Charles River Development, a State Street Company, has won Best Front-Office Platform in the WatersTechnology Asia Awards 2020.
State Street's (STT) partnership with FNZ Group is likely to support its revenues in the quarters ahead.
FNZ and State Street Corporation (NYSE:STT) today announced that they are collaborating on a new wealth manager servicing venture. FNZ will acquire a majority stake in State Street’s Wealth Manager Services business, with State Street retaining a minority interest. Terms of the transaction, which is expected to close in Q4 2020, are not being disclosed.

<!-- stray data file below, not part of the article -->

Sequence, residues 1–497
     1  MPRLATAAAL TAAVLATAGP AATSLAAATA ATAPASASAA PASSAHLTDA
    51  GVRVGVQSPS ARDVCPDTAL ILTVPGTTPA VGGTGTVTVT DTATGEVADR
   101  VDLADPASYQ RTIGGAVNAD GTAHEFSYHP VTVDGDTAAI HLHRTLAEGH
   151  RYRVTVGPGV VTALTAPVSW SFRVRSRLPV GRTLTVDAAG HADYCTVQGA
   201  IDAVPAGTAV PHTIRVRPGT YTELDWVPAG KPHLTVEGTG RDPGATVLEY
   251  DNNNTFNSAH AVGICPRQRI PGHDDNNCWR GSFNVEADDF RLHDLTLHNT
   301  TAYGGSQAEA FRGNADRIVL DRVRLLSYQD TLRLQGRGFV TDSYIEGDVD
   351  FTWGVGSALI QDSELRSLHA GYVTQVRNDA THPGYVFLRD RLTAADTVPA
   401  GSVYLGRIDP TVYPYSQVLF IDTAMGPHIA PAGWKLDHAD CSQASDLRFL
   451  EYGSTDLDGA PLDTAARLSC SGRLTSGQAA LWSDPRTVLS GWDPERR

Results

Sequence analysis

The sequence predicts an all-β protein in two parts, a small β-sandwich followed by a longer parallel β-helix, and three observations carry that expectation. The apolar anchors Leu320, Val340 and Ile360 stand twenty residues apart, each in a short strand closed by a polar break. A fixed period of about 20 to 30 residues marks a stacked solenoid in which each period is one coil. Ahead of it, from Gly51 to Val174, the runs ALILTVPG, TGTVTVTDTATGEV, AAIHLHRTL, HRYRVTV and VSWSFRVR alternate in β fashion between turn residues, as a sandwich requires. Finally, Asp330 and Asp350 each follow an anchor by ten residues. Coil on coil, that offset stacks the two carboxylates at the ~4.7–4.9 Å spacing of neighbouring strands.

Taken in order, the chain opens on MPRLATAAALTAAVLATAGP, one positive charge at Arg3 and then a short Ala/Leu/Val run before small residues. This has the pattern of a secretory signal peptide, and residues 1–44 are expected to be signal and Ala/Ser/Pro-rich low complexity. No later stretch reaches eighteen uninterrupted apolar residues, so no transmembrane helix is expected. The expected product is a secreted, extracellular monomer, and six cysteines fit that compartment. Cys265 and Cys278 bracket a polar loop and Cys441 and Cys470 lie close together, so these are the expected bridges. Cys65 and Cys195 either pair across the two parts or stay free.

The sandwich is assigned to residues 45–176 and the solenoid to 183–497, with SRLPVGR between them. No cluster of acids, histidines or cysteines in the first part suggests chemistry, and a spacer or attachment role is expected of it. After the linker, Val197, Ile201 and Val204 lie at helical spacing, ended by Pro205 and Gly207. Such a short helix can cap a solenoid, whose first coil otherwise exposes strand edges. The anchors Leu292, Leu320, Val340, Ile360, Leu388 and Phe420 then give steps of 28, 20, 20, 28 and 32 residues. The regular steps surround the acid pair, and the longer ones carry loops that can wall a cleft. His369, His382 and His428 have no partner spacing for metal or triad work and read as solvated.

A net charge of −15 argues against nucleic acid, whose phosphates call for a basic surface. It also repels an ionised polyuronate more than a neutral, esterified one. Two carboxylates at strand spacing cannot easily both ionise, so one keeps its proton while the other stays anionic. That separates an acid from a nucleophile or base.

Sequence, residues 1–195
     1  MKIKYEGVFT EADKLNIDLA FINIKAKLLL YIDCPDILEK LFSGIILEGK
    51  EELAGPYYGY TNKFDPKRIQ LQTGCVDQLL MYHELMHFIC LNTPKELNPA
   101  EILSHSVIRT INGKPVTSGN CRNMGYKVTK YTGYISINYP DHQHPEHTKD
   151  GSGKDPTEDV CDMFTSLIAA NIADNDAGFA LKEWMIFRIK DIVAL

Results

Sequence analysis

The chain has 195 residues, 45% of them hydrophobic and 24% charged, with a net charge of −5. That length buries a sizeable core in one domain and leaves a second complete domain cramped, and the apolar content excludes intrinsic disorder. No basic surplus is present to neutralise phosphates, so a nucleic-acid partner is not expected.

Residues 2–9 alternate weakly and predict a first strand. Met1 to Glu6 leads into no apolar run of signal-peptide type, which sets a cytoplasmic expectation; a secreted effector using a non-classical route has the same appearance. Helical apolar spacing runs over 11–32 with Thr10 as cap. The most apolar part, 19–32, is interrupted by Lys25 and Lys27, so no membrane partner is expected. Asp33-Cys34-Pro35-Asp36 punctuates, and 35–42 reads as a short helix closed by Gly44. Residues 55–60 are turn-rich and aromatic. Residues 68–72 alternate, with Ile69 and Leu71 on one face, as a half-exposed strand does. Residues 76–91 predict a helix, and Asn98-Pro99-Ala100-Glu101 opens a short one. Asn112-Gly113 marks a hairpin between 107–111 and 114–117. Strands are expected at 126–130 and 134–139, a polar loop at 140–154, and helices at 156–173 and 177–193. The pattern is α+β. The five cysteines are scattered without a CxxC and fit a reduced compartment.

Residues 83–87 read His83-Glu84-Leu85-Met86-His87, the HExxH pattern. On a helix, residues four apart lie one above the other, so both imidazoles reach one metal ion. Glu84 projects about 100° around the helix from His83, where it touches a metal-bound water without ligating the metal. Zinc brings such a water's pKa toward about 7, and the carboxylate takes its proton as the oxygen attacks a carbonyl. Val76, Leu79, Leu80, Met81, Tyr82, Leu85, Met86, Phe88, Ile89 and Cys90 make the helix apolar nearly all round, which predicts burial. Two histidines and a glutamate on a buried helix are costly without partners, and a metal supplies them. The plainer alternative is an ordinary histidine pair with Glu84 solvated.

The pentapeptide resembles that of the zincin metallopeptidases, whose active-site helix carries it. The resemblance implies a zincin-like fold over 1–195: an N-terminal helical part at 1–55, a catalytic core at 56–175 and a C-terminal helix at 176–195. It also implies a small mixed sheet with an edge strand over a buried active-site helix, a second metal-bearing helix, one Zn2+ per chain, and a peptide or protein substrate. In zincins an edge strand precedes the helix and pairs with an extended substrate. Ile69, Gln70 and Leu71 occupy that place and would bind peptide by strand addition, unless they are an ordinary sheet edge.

(Bloomberg) -- One of Wall Street’s hottest innovations is being hailed as the potential key to luring trillions of actively managed dollars to the booming market for exchange-traded funds. Yet two of the industry’s biggest players want no part of it for now.Vanguard Group and State Street Corp. say they’re in wait-and-see mode as active, non-transparent funds take their crucial first steps in the $4.3 trillion U.S. arena for ETFs.These products come with many of the benefits of traditional ETFs but drastically reduced disclosure requirements. That makes so-called ANTs a likely conduit to bring stock-picking strategies to the exchange-traded universe.The market’s largest player, BlackRock Inc., has already filed to use the structure after the funds debuted in April. JPMorgan Chase & Co. -- which also plans its own ANTs -- estimates non-transparent ETFs could ultimately command more than $7 trillion in assets.Vanguard, No. 2 in ETFs, is in no rush to wade into untested waters, according to its head of ETF product management.“This is an opportunity for us to learn from what others are doing,” Rich Powers said in an interview. “Investors make their way to great active strategies, regardless of whether it’s first to market.”Slow StartSo far, it seems they have yet to flock to ANTs.After being in the making for almost a decade, six non-transparent ETFs have launched to date from three issuers: American Century Investments, Legg Mason Inc. and Fidelity Investments. Five follow large-cap equities and one tracks mid-cap stocks.Collectively, they have attracted more than $240 million in assets, with the $136 million American Century Focused Dynamic Growth ETF leading the pack. Performance is mixed: Half of the new products are handily beating their benchmarks, two are lagging, and one is neck and neck.In the eyes of State Street’s Rory Tobin, there are two big hurdles to attracting investors to this new type of fund. First, the sheer dominance of passive strategies, which account for more than 95% of all U.S. ETF assets. Second, the relative cost of the ANTs.“You’ve got your investment proposition, you’ve got your ETF mechanics, and then there’s the economics,” said Tobin, global head of State Street’s SPDR ETF business. “How do investors feel about the price point at which these are being positioned?”The average expense ratio for the new non-transparent funds is 0.52%. By comparison, the world’s largest ETF -- State Street’s SPDR S&P 500 ETF Trust, ticker SPY-- has a fee of just under 0.1%.First MoversFor some market watchers, the question of demand runs even deeper than cost. Ben Johnson at Morningstar Inc. reckons all the hype around the non-transparent structure has been driven by issuers rather than investors.“What has been absent is any clear indication of demand,” said the director of global ETF research. “This is a solution in search of a problem, and the problem that ANTs solve is chiefly in my mind an asset management problem.”Nonetheless, issuers remain optimistic. Greg Friedman, head of ETF management and strategy at Fidelity, said the firm expects growth for its products over time, with large institutional investors coming on board once the funds have a track record.American Century said it had interest from “a lot of different parties,” and pointed out that it successfully launched almost at the height of this year’s market stress.“Almost no one was launching ETFs, and almost everyone was pulling theirs back,” said Edward Rosenberg, head of ETFs at American Century.Read more: No In-Person Meetings, Volatility Behind 86% Drop in ETF DebutsThat kind of perseverance may well pay off in the long run, since the ETF ecosystem has a track-record of delivering a first-mover advantage.SPY, for instance, has accumulated $273 billion in assets since its launch in 1993. BlackRock’s iShares Core S&P 500 ETF, ticker IVV, is far cheaper with a fee of 0.03%. But it remains a distant second, having gathered $195 billion since its launch in 2000.“The products in market have proven not only that the structure works, but that they operate effectively in volatile markets,” according to Rick Genoni, the head of ETF business for Legg Mason. “It is not unusual for any new strategy, regardless of the wrapper or structure, to experience modest sales until they have a track record and are available across platforms and we believe that the ActiveShares ETF structure will prove to be attractive.”Mutual BenefitsThe new funds reveal their holdings just once a quarter, as opposed to the daily disclosures done by a regular ETF.That’s an alluring prospect for mutual fund managers confronting the ongoing march of cheaper, easier to access passive products. They can adopt similar structures while shielding their secret sauce from front-running or replication by rivals.But lingering questions about how the structure will hold up during times of market stress are keeping asset allocators such as E*Trade Financial’s Mike Loewengart at bay.The share price of a traditional ETF normally stays in lockstep with the value of their underlying holdings thanks to specialized traders known as authorized participants, who step in to capitalize on any price discrepancies and keep the two moving in tandem. With an ETF that conceals its holdings, that process looks a bit different.Most ANTs launched so far use the so-called ActiveShares model from Precidian Investments. The structure publishes an indicative value every second to help traders make a price and enlists an agency broker -- known as an authorized participant representative -- to confidentially buy and sell securities for the APs.Alternative methodologies from Fidelity, T. Rowe Price Group Inc., Natixis SA and Blue Tractor Group LLC have also been approved.“It hasn’t really been tested yet,” said Loewengart, the managing director of investment strategy at E*Trade. “They need to become more seasoned.”(Updates assets under management. An earlier version of this story corrected a ticker in the table.)For more articles like this, please visit us at bloomberg.comSubscribe now to stay ahead with the most trusted business news source.©2020 Bloomberg L.P.